There are at least 17 species of non-flying mammals at the watersheds. Of these, 53 % (9) are Mindanao endemics and 30 % (5) are Philippine endemic, for a combined endemism of 82 % (14). As to the 22 species of herptiles, endemism is also high as almost three fourths of them (15 species) are restricted to the Philippine archipelago, with 9 species confined only to Mindanao Island.

MARINE BIODIVERSITY

LABB 1. Habitats
freshwater and river systems (underground streams,waterfalls, and springs) Under the coastal and marine environment of Quezon, there are 5 important ecosystems, which are classified according to economic uses: mangroves, sea grasses, coral reefs, municipal fisheries, and commercial fisheries.

PIBCFI
Mangrove habitat

MUAD
Tinagong-dagat is a lake located inside the NNNP; rivers supported by the natural park are Malogo river, Imbang river, Himuga-an River, and Bago river

NEDF

VSU

CBCF

PEFI
41 rivers and 89 creeks crisscrossing the 28 barangays in Arakan

IDIS
For marine ecosystem in the Davao Gulf, 3 types of habitats are (i) corals, (ii) sea grasses, and (iii) mangroves.

PHYSICAL PROFILE 1. Topography

Rough with moderate slopes (foothills) to very steepy (towards the summit)

The islands of Polillo can be considered as lowland owing to its low relief and generally level to moderately sloping terrain. Mt. Malulod is the highest peak found in the Polillo archipelago standing at an estimated 310

Moderately rolling to very steep slopes; with elevation of 1,0001,823 meters above sea level; slope gradient is from 8% to 50%, with most area being 18% slope and above; highest points are Mount Silay in the north (1, 510 masl) and

The topography of the IHWFR is generally rough and defined by mountains and hills. Cutting through this rough terrain is a river system, Hilabangan River (and its tributaries). Forming the higher

Tabunan: Rolling to hilly; with elevation between 800-900 masl with a slope of 18-30%; slope drastically changes from a gentle 11% to 34% at the interface between forest and abandoned farmlands to a very steep 40% to greater than 50% at the forest entrance

Slopes greater than 30% comprise three fourths (74.7%) of the total land area, plains (1-8%) slope and undulating (8-18% slope) to rolling lands (18-30% slope) are found in the southern and western sides of Arakan along its boundary. Moderately undulating (8-15%) lands are the Arakan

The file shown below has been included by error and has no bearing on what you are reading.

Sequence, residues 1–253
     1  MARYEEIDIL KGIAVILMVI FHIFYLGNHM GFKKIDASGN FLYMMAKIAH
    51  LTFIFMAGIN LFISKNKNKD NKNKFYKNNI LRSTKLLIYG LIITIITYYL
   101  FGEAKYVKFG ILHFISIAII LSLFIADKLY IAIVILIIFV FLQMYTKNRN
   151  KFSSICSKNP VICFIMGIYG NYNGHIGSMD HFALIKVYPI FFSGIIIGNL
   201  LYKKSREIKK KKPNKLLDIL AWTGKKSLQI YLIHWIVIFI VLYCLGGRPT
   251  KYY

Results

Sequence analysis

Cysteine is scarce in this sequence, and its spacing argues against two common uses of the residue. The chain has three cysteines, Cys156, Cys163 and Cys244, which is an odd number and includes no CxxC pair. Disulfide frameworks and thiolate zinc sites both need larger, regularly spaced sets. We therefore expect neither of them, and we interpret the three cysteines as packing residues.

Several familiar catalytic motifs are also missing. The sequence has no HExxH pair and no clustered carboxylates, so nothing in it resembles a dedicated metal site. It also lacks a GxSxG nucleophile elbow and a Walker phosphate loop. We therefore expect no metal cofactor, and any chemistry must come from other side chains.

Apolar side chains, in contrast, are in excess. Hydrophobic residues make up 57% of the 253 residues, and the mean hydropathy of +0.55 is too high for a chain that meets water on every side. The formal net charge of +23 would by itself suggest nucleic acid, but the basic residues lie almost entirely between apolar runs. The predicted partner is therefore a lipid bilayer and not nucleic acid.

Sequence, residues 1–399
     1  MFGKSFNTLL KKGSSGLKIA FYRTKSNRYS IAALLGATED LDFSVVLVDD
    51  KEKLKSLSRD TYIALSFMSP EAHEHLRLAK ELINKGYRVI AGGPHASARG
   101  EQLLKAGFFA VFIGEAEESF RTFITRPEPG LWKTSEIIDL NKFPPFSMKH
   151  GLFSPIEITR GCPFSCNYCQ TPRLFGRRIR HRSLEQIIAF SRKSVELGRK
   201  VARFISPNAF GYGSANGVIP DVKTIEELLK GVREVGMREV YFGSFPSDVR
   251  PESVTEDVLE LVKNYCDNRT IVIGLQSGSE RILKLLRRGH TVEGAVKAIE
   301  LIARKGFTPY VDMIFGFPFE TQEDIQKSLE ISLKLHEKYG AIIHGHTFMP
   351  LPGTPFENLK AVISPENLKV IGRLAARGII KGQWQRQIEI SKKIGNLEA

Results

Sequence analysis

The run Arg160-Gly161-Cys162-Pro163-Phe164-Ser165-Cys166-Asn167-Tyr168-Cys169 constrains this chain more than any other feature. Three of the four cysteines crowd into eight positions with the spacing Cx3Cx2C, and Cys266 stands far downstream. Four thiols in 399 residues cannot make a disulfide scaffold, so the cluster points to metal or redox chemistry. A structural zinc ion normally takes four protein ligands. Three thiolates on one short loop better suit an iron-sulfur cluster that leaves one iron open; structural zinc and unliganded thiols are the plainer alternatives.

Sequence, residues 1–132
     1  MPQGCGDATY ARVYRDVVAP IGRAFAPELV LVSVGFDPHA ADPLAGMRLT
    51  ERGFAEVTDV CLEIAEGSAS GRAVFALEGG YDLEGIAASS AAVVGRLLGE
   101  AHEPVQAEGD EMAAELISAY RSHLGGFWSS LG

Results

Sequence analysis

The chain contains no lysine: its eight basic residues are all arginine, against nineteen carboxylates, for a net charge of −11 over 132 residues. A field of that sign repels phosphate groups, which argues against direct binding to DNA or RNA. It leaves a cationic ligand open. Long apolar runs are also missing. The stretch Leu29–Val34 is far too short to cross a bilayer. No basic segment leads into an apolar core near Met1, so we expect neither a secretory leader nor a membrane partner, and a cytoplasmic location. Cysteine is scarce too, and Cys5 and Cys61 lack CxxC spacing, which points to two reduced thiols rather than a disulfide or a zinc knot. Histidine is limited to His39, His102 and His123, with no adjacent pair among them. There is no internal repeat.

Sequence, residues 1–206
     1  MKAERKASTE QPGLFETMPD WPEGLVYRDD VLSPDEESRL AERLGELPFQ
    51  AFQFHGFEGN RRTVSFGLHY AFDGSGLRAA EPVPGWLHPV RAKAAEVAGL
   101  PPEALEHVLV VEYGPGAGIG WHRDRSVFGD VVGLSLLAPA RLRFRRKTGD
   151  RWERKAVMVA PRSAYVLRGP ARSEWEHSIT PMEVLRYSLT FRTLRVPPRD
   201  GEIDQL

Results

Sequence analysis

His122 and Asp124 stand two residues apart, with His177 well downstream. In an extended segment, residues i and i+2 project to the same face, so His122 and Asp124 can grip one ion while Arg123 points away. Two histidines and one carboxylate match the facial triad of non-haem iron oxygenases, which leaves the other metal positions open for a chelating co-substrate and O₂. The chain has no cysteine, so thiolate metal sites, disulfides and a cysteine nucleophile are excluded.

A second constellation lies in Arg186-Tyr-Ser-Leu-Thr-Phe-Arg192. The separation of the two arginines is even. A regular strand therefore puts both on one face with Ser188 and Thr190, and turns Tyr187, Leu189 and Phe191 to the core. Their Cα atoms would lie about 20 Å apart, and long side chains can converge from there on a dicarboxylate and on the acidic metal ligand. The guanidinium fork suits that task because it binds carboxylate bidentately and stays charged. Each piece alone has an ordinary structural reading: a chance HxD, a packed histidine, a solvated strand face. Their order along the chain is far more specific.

The watersheds are predominantly lowland with 74 % of its land area located between 0-1000 masl altitudes. Uplands (i.e., 1000-2000 masl altitude) account for 24% of the total area, while the remaining 1

LABB

PIBCFI
meters above mean sea level. High elevation and steeply sloping areas are concentrated at the northern (between Burdeos and Panukulan) and central portions (between Polillo and Burdeos) of Polillo mainland. Both Jomalig and Patnanungan Islands have low flat areas and gentle slopes.

MUAD
Mt. Mandalagan in the south (1, 885 masl)

NEDF
elevations are mounts Cansirmon and Maalot-alot (circa. 1,000 masl) at the northeast and the lower mountains and hills (circa 500 masl) at the southeast. The mountains are contiguous with the Negros Oriental mountain range at the east and collectively form the central part of the Negros volcanic arc. The IHWFR lies within a Type III climate region which is defined by a pronounced wet and dry season. Dry season usually starts on the month of October and

VSU

CBCF

PEFI
and Tinanan plains.

IDIS
% comprise steep mountain terrains beyond 2000 masl altitude.

2. Climate

a. Average Rainfall b. Average temperature

Type II; wet from May to October and dry from November to April; mean annual temperature is 21.8 C, with warmest month (July 1998) with 29.46 C Rainfall is

Type II climatic type characterized as having no dry season with a very pronounced maximum rain period from October to January; mean monthly rainfall ranges from about 100 680

Type III; relatively dry from November to April and wet during the rest of the year; average temperature is o 27.2 C Average rainfall is 51.29 mm (38.1 mm during dry